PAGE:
Well-Tempered Busoni. This 1922 recording of Bach’s Prelude and Fugue in C Major (WTC I) was by Italian pianist and composer Ferruccio Busoni (1866-1924). Busoni left an indelible impression on almost everyone that heard him. His original compositions were on the edge of the repertoire, but he always had his champions. Jed noted in this recording, “He does things that you would not like – if he did this at a lesson you would rake him over the coals.” He then asked,” Could we check our assumptions and our stylistic superiority at the door, and let’s try to listen to other things?”

The Austere vs. Mad Scientist approach. Russian pianist Sergei Rachmaninoff tended to be very straightforward and austere in recordings of his own works, but became a “mad scientist” when recording the music of other composers. In this recording of Chopin’s Waltz in C# minor Op. 64 No. 2, he gives each section a very different character. We listened for his phrasing over the bar lines, his careful balancing of chords, and the thumb counterline when the second theme returns, “…kind of a neat effect.”

Rubinstein plays a Jed favorite. Now on to three recordings of Chopin’s B Major Mazurka Op. 41 by Arthur Rubinstein. These recordings, from the 1930’s, 50’s and 60’s, give us some insight into his evolution as a pianist. He had a very long career, recording first in 1928 at the age of 41, continuing until he was almost 90. The contrasts in the three recordings were fascinating. Rubinstein’s evolution as a player over the course of four decades was quite evident, and we were captivated to hear him change over time.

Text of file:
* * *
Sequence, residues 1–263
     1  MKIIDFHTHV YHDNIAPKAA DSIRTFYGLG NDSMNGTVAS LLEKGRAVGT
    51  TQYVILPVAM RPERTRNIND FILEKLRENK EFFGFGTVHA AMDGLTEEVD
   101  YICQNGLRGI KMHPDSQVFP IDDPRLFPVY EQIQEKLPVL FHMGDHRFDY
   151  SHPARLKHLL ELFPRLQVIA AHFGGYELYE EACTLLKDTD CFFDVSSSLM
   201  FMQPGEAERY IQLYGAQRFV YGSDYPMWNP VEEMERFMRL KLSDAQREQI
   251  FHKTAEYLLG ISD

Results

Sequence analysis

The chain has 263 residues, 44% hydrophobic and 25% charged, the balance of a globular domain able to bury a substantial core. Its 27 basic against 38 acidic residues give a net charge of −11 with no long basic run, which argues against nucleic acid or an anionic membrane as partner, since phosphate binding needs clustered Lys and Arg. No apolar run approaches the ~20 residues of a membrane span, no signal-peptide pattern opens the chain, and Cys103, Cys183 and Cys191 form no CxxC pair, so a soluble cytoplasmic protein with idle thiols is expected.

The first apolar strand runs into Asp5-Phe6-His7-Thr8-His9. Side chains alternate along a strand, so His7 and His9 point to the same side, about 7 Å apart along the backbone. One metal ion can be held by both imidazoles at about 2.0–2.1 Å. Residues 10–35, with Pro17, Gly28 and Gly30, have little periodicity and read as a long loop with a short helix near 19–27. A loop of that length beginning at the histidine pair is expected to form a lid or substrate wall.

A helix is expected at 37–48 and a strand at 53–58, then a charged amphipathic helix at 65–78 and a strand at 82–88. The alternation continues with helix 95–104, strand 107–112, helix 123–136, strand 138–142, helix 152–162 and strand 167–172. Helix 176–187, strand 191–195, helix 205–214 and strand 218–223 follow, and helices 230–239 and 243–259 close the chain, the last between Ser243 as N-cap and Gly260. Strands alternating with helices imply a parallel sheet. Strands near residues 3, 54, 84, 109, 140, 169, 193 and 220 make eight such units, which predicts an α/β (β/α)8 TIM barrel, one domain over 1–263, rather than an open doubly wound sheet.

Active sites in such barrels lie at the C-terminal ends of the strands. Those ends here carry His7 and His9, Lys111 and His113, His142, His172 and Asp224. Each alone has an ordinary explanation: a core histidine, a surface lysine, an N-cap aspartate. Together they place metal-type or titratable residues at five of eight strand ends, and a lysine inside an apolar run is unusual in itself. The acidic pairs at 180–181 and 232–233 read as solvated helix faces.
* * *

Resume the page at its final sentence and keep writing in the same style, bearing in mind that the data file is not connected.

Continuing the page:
We’ve heard the best, now, perhaps the worst! At the behest of an audience member a few years ago, Jed chose Mark Hamburg’s 1931 recording of the Chopin’s A flat Waltz Op. 42 as one of the worse of the 78s. He described Hamburg as ‘kind of the Ed Ward of the piano.’ In conclusion, “Needless to say, this recording has never been reissued.”

The Antidote to Mark Hamburg. Ignaz Friedman (1882-1948) played Chopin’s E flat Nocturne, Op. 55 No. 2. Jed noted “I have always loved this recording.” Freeman was a Leschetizky student and quite famous for his recordings of the Chopin Mazurkas. Jed referred to Vladimir de Pachmann’s comment that this recording “was probably the most beautiful singing and proportioned performance ever recorded of a Chopin Nocturne.”

A South Carolinian plays Von Weber. We had heard many pianists from Russia and Poland but the finale was a brilliant performance by a pianist from South Carolina, Sidney Foster (1917-1977) of “Perpetuum Mobile,” the 4th movement of Carl Maria von Weber’s Piano Sonata No.1. Jed mentioned that this showcase piece had been a very popular encore piece for pianists in the past. We could hear why! After a warm and enthusiastic round of applause from the audience, Jed asked for any questions or comments.

Q- How have these recordings influenced your playing?
A- They give you options and ideas." When listening, “Don’t make a judgment, just make observations of the playing.

Q –Can you talk about your radio show?
A – Jed’s monthly program “Kids on the Keys” can be heard on WWFM radio. “Kids on the Keys” showcases live performances of young keyboard talents mostly from Southern and Central New Jersey. Jed encouraged the MEA audience to send broadcast-quality student recordings to him for consideration.

Q - The 78 recordings often seem fast. Is that due to limited recording time and/or the technology of the time?
A – Not necessarily. We can hear Gershwin live recordings, and notice that he is playing just as fast! Jed noted earlier that these ‘Shellac Era’ recordings were virtually live, as there was no technology to digitally edit after the players made the recordings.

Thanks to Hospitality Chair Karen Dann Sundquist and Past Hospitality Chair Rebecca Eng for the wonderful treats and beverages served after Jed’s presentation. This provides a time for members to socialize and chat with guest speakers and colleagues: very enjoyable! After sharing this musical morning with our esteemed guest and talented members, I felt, as Comden and Greene wrote, “So lucky to be me.”